and if I change the first chord like this…
you can hear that the melody is the maj7th of the chord so the 1st chord is now a Bbmaj7. (Stella with Eø on chord 1 + Stella with Bbmaj7 on chord 1?)
A bonus from this is that eventually, you want to start learning songs by ear, and the easiest place to start is to learn the melody by ear don’t worry about the chords, just learn the melody and maybe check out a few different versions. Then you can transcribe the bass and combine those two to figure out what chords are played.
#3 Learn To Play The Chords
I am actually surprised how often I have run into this. Imagine a student coming into the lesson to a lesson and we play a song he or she had to learn. The theme and the solo is ok, but playing the chords is not working at all. Whatever song you play, it really pays off to just learn to hear the harmony and to feel how it is to play that harmony. Not only for you to learn the song but also because you want to play with others. It doesn’t have to be fancy, but it should be there.
There is one thing that is going to make this a lot easier, and that is what I will talk about next.
#4 Think In Blocks Of Chords
Starting to think about chord progressions like this is such a gigantic step up. You can save tons of time and open up your playing really a lot. And this is just doing the same thing as we do whenever we read a book or a newspaper article.
Whenever you read a sentence, then you read the words but you don’t spell them, you read them as complete words.
“Scandinavian People Are Always Fantastic”
And that is something you also want to strive to do when you learn a song or even while you are reading and improvising. Make it into chunks of information that help you play over it. Something you can sum up in a few blocks instead of 30+ different chords.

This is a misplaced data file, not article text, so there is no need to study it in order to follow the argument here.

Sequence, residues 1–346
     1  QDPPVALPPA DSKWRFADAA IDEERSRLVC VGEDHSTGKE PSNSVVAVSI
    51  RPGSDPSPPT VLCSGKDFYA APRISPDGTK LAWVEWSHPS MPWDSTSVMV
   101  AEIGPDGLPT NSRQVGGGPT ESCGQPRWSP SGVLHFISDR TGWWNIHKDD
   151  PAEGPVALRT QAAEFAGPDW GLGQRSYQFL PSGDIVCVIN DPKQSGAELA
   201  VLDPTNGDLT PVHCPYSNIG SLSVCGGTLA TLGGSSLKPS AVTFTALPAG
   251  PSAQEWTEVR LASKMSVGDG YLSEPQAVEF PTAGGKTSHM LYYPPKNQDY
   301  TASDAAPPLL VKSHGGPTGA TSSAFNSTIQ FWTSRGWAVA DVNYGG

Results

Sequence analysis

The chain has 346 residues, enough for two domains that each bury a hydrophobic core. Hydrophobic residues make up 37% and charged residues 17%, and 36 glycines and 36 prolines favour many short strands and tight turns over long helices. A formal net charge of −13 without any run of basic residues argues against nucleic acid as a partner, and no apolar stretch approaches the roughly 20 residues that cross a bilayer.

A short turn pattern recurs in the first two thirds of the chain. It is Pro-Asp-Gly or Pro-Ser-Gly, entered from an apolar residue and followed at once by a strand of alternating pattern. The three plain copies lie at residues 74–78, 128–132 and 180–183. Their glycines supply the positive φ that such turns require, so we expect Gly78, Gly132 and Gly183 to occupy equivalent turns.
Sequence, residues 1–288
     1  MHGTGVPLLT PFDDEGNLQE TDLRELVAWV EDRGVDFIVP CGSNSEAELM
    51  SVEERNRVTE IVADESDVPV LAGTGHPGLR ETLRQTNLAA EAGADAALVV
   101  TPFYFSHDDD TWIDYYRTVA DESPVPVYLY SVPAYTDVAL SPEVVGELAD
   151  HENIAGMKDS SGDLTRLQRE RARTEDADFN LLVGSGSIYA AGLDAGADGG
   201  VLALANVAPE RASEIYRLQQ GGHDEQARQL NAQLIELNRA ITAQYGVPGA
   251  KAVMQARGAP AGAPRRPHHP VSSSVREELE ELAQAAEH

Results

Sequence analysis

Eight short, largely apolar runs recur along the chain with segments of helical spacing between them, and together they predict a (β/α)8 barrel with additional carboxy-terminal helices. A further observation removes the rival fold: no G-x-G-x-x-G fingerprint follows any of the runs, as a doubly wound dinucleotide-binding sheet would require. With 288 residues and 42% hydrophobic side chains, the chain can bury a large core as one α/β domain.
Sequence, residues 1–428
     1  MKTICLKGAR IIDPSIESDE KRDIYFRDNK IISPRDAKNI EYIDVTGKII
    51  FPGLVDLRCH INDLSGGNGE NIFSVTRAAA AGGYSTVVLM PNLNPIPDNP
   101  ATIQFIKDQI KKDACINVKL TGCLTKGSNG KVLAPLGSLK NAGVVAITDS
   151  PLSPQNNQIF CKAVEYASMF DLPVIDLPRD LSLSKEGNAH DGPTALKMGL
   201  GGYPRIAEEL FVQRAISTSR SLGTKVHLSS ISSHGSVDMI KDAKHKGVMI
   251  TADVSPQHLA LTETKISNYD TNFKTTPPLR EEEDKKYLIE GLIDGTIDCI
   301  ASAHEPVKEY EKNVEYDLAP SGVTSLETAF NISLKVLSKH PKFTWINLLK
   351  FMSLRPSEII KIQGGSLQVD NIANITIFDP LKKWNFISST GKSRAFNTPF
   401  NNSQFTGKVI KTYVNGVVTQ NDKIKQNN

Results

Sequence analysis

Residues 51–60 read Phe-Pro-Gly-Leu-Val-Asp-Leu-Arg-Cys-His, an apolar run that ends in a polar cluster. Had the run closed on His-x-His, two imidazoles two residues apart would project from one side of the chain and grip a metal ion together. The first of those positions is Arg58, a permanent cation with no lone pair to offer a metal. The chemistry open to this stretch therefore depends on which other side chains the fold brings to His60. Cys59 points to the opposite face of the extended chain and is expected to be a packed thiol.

And actually, there is a next-level of thinking related to this where you also start to realize how different chords are actually the same, but maybe that is for another video.
#5 Have The Material Within Reach
When it comes to improvising over a song you are still learning there is one part of the preparation you want to get right:
You need to be able to have all the scales or arpeggios that you want to use within reach. It is pretty much impossible to have any kind of melodic continuity or freedom if you need to skip up or down 3 or 4 frets to have material for a part of the song.
And this is probably not something that is impossible to overcome with a bit of practice, and if you are not at home over the entire neck then pick a place and start there. Once you have one position under control you can expand from there taking the positions next to the one you know..
Get the PDF and GuitarPro on Patreon:
You can get the PDF and GuitarPro files on Patreon here:
Get a free E-book
If you want to download a Free E-book of 15 II Valt I licks then subscribe to my newsletter:
Get the PDF!
You can also download the PDF of my examples here:
Jazz Guitar Insiders Facebook Group
Join 7500+ Other Jazz Guitarists 🎸Join us in the Facebook Jazz Guitar Group Community: http://bit.ly/InsidersFBGroup
If you have any questions, comments, or suggestions for topics then, please let me know. Leave a comment on the video or send me an e-mail. That is the best way for me to improve my lessons and make them fit what you are searching for.
Please subscribe to my YouTube channel and feel free to connect with me via Instagram, Twitter Google+, or Facebook to keep up to date with new lessons, concerts, and releases.